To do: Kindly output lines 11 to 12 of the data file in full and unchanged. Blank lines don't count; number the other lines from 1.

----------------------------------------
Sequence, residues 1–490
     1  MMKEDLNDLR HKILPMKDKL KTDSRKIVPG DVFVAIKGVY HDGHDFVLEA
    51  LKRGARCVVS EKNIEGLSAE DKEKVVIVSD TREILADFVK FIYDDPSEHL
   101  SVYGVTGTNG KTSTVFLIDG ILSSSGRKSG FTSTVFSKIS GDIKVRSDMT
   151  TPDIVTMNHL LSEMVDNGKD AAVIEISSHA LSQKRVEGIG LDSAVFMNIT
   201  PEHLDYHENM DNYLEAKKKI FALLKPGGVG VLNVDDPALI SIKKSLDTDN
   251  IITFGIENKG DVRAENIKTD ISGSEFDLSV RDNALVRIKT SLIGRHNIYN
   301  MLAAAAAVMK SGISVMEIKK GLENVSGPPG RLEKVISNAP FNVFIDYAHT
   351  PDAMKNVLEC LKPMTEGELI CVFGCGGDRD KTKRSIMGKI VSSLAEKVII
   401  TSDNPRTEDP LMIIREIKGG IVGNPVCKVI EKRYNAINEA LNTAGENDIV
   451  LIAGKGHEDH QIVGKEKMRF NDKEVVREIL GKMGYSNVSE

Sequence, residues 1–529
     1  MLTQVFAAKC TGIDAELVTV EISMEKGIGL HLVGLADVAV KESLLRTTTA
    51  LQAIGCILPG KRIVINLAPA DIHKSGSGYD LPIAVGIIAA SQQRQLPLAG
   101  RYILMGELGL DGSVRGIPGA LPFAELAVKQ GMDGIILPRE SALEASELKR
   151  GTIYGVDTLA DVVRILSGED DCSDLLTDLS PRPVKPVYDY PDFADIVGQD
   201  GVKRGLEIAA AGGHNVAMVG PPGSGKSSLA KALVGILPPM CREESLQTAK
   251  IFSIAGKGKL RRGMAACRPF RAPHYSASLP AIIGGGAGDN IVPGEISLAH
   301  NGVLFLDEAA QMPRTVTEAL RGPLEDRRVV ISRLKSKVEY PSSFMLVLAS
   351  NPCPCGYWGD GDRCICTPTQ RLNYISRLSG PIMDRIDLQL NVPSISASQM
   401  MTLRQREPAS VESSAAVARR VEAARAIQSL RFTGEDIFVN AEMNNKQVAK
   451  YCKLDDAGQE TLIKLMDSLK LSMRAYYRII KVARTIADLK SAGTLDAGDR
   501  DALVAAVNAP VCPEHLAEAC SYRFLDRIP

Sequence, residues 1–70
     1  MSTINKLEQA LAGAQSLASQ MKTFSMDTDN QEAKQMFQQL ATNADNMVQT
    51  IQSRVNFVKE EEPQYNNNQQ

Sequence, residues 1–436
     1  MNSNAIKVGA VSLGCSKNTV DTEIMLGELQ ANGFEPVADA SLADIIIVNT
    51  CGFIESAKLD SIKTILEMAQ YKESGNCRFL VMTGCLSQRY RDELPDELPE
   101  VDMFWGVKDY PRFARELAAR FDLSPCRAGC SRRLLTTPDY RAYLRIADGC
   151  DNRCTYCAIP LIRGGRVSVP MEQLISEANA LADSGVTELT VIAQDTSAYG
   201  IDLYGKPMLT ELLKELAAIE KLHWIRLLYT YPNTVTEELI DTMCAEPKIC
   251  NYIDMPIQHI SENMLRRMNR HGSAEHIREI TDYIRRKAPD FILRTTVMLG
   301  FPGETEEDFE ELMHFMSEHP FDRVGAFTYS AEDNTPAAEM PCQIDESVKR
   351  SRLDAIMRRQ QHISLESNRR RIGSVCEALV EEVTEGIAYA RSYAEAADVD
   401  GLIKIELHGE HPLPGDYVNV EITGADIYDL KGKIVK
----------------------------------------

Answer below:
   451  LIAGKGHEDH QIVGKEKMRF NDKEVVREIL GKMGYSNVSE

Sequence, residues 1–529